This week we also did Art Therapy and Dance Therapy with the children.  During these activities I actually drew a lot from what I learned in my Basic Acting course, such as activities and games, so thank goodness for a liberal art education or I would have been at a loss for things to do during this time.  These activities are usually done in the afternoon after the children have finished their other therapies. Art, dance and music are all great for the children as you can physically see how it calms all the children, as many of them become understandably frustrated during their structured therapy.  Also this therapy type is great as it works on their coordination, creative thinking and it helps the children learn to cope with new tasks as many of them have a hard time adjusting to new situations.  The children also love these sorts of activities, so its great to see them happy and having fun.  I also continued teaching some of the children English, which is actually really fun and I am just amazed at how clever the children are.  Many of them had picked up phrases from working with western volunteers or doctors but with some structure they have quickly learned more than just basic conversation.  It is also important for their future to have a skill such as being able to speak English, as these children are disabled (the ones who are learning only have physical disabilities) they are not allowed into the school system.  Given this, they have a lack of opportunities for jobs or a means to support themselves, yet if they learn English this opens up a whole new set of opportunities.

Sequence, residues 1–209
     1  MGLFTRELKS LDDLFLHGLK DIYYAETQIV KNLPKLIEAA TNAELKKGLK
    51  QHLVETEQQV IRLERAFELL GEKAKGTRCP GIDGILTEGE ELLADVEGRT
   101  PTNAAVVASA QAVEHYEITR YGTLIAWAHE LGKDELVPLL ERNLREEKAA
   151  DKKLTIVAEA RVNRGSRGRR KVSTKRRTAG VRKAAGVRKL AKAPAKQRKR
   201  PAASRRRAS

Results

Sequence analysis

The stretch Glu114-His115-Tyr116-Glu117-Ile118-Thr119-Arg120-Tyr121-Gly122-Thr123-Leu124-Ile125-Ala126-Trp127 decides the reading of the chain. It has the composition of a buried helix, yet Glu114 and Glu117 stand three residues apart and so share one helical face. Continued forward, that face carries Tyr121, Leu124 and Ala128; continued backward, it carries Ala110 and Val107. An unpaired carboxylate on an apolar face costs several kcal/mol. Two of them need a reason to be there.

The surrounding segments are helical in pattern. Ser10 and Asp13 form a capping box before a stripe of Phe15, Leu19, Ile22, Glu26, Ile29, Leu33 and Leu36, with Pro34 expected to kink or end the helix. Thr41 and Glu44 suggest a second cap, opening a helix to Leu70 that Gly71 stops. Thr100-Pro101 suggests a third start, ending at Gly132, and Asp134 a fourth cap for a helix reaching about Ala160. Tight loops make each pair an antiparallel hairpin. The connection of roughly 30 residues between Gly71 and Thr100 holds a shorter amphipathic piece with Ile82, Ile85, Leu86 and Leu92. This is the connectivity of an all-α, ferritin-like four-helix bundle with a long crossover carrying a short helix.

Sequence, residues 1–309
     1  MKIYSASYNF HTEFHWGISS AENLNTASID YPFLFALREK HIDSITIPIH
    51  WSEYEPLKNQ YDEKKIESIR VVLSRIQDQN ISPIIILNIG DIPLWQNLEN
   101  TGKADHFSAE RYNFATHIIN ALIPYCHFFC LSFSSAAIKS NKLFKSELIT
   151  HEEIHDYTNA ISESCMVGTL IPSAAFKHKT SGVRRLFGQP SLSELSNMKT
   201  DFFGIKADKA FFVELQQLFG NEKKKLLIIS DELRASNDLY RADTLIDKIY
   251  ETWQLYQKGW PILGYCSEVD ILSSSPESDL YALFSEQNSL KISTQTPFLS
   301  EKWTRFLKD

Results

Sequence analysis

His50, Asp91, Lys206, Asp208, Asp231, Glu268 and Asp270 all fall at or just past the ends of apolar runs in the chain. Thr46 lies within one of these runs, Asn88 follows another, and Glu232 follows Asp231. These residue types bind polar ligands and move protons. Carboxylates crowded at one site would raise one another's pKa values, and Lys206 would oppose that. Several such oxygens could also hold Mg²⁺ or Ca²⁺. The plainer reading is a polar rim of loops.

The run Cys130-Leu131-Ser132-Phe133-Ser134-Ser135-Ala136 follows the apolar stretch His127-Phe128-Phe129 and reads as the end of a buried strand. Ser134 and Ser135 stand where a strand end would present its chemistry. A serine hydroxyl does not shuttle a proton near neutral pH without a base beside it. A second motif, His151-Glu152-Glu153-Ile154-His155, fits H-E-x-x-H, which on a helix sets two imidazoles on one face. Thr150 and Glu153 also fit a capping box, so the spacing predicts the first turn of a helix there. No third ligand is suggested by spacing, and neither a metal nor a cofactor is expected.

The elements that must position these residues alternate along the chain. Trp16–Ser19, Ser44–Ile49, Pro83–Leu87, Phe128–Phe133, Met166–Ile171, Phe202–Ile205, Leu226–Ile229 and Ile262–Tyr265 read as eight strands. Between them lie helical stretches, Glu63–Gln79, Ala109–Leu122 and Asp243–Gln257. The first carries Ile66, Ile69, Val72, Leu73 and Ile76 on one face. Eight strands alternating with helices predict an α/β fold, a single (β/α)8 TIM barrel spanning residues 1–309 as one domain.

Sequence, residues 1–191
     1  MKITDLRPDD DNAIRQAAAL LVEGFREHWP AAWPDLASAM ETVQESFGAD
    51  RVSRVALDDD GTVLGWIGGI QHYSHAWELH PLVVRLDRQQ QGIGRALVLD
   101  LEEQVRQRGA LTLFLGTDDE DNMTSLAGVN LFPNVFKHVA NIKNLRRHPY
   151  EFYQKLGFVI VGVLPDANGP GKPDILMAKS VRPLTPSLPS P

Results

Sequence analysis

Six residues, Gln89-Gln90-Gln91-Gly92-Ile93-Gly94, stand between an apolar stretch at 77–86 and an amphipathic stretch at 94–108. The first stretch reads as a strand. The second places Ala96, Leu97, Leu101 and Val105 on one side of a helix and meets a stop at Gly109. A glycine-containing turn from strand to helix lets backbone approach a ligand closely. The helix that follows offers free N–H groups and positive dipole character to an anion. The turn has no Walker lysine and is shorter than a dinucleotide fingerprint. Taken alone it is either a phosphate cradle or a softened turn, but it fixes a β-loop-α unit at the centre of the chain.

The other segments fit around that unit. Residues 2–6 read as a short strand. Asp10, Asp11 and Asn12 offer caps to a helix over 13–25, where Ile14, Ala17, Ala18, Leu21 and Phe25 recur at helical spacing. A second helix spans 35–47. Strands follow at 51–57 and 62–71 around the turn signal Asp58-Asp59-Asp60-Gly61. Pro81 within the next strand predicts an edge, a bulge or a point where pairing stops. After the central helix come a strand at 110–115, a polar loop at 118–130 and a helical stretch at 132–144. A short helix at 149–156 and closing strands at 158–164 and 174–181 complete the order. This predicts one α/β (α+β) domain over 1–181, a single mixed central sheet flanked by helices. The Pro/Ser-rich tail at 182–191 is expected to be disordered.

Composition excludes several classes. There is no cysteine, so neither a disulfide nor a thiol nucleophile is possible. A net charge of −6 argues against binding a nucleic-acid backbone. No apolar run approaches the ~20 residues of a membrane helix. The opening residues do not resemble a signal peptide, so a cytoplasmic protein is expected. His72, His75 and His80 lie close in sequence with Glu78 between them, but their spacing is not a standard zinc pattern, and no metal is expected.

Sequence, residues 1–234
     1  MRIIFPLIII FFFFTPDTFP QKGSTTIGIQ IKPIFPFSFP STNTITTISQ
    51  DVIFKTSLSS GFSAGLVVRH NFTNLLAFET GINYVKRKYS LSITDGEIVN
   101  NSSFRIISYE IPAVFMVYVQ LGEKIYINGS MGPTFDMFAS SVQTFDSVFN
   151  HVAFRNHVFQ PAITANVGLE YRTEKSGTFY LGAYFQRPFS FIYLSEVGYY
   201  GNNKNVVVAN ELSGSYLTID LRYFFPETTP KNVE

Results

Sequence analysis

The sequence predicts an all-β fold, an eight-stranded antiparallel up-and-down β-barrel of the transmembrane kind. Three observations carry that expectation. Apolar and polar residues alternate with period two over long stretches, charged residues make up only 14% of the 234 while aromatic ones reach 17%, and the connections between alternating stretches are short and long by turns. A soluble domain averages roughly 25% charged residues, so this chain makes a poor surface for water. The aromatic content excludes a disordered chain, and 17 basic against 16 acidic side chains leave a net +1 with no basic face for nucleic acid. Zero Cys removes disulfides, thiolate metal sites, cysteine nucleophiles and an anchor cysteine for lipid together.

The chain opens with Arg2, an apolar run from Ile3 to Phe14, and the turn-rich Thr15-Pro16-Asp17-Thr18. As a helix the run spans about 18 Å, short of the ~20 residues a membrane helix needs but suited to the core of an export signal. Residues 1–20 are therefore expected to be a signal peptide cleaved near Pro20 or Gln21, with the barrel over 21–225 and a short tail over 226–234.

It was incredibly sad when the children found out it was my last day as all of them started to cry.  We had cake as a going away party for me but some of the kids did not even eat because they were too busy crying about me leaving.  Overall this was an amazing experience, and from it I have learned a great deal.  It has also really directed my goals for the future, I really enjoyed working with children and I feel that I would like to work with children in the future.  I am now sure that I would like to work in a Clinical or patient orientated setting rather than solely doing research.  I am also extremely grateful to the staff for working with me and teaching me a great deal about therapy and the Vietnamese Culture.   While there were some situations we did not see eye to eye on I have made life time friends and professional contacts.